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Understanding Alimony Fraud and your Divorce


When the court creates an alimony order, it does so to protect the lesser earning spouse from facing financial hardship after the divorce is finalized. In most cases, alimony is only granted for a specific period of time, rather than indefinitely. To determine an appropriate alimony amount and duration, the court considers a variety of factors, such as each spouse’s current income and future earning potential, each spouse’s assets following the divorce, each spouse’s financial needs, and each spouse’s age and health status.

The court can only create an appropriate alimony order if it has accurate information about the above factors. Providing the court with incorrect information in an effort to receive a larger amount of money or to receive it for a longer period of time is known as alimony fraud, which can create financial hardship for the paying spouse. 

Examples of Alimony Fraud

There are many ways an individual can commit alimony fraud, such as:

  • Hiding assets during the divorce process;
  • Concealing his or her true income. This could mean working “under the table” or underreporting his or her income;
  • Quitting a job or intentionally getting fired in an effort to increase his or her alimony amount;
  • Providing the court with false information about his or her income or assets; and
  • Misrepresenting information related to other court orders, like a child support order.

An individual might also commit alimony fraud after his or her divorce is finalized by failing to disclose his or her remarriage or cohabitation with a new partner. An individual who seeks an extension to his or her alimony order despite having and hiding regular income is also committing alimony fraud.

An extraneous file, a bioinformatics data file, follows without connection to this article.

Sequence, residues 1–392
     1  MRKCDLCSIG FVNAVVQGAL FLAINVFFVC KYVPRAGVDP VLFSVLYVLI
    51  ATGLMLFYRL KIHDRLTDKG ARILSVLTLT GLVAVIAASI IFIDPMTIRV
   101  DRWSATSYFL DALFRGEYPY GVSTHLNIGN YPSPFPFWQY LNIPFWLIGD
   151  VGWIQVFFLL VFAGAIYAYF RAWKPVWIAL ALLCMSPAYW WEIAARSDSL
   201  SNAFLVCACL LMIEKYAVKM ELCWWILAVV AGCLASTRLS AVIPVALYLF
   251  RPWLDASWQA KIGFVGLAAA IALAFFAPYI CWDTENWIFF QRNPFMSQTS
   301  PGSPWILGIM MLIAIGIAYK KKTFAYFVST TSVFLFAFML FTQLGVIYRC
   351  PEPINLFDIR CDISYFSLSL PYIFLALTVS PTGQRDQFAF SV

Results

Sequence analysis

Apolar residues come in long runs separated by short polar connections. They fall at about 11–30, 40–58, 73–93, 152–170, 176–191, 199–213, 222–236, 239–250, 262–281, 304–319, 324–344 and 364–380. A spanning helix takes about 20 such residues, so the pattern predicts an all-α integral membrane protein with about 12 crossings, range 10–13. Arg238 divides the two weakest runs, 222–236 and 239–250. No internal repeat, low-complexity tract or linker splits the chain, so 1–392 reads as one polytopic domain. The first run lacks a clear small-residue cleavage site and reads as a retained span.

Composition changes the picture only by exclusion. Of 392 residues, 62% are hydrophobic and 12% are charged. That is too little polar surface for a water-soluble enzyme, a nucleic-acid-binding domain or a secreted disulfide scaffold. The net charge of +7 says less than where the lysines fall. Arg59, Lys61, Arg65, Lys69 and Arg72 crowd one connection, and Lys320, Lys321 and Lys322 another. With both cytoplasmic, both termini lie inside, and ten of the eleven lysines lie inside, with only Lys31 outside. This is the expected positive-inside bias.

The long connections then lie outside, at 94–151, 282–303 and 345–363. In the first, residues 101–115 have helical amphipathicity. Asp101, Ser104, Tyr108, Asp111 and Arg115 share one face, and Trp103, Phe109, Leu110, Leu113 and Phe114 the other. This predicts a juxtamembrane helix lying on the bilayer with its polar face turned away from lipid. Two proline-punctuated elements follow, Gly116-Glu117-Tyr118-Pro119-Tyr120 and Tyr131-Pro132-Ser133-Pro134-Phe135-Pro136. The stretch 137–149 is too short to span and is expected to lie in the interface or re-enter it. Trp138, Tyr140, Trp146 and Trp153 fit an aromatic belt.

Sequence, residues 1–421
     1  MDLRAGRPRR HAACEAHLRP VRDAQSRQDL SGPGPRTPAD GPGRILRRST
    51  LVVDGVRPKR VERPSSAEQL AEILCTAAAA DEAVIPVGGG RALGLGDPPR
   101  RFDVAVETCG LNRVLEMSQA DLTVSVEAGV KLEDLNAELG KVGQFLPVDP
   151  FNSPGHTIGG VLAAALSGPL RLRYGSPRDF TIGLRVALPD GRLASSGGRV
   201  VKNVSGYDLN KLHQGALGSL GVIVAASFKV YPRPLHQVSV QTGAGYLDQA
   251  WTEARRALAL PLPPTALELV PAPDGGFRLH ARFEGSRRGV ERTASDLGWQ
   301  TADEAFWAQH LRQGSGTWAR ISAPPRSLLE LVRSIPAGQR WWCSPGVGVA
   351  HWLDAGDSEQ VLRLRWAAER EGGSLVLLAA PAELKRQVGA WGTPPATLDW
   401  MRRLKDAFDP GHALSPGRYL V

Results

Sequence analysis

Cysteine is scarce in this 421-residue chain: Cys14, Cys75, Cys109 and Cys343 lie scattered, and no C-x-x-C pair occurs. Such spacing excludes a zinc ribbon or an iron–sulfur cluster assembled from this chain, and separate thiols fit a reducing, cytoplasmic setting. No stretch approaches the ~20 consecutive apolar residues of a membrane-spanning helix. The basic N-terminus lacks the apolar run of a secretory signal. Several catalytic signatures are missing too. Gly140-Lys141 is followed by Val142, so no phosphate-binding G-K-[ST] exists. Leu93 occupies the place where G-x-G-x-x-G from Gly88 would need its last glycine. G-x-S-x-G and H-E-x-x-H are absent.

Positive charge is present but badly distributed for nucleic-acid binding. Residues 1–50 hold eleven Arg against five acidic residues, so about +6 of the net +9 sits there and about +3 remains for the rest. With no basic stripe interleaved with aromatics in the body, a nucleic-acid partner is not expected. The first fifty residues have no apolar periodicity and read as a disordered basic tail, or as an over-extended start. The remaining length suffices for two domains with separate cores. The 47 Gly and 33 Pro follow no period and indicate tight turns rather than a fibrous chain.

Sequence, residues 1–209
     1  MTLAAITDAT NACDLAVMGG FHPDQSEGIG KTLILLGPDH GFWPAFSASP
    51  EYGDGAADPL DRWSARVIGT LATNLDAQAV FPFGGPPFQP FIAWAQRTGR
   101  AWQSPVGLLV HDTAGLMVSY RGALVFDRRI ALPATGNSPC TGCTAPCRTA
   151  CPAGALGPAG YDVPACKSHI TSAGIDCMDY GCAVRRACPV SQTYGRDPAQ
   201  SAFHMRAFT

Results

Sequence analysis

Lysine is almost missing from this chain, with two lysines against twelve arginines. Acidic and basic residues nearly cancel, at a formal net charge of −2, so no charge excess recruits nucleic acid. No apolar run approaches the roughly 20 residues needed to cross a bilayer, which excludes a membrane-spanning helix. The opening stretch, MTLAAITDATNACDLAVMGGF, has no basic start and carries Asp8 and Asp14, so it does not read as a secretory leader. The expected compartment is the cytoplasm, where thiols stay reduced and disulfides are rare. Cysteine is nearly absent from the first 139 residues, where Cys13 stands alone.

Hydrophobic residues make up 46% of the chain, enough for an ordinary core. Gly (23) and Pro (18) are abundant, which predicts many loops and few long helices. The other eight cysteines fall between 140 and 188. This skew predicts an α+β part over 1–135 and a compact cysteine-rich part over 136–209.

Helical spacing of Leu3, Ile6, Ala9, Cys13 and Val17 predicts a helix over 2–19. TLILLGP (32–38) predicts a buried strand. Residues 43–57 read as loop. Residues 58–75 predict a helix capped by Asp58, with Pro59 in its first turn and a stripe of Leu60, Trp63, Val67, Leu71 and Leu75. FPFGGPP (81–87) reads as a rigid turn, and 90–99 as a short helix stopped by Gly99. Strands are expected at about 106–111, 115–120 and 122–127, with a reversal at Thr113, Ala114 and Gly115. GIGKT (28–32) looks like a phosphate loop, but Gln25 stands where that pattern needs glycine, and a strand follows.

What Can I Do if I Suspect my Former Partner is Committing Alimony Fraud?

Document everything you know that supports your suspicion and report it to your lawyer. Your lawyer will work with you and the court to seek a modification to the alimony order, which could ultimately result in the order being terminated.

When you seek a modification to your alimony order, the onus is on you to prove that your former partner has experienced substantially changed circumstances that necessitate modifying or terminating the order. Your body of evidence can include tax documents, information related to your former spouse’s employment, the true value of his or her assets, and even information taken from social media and public record related to his or her new marriage or cohabitation. Depending on the circumstances at play, you might be able to recover compensation for the money you lost due to the fraud. 

Work with an Experienced Orlando Divorce Lawyer

If you suspect your former spouse is committing alimony fraud or that he or she committed it while your divorce was pending, work with an experienced Orlando divorce lawyer to bring the truth forward and potentially reconfigure your alimony order. To get started with our team, contact The Law Offices of Steve W. Marsee, P.A. to schedule your initial legal consultation.



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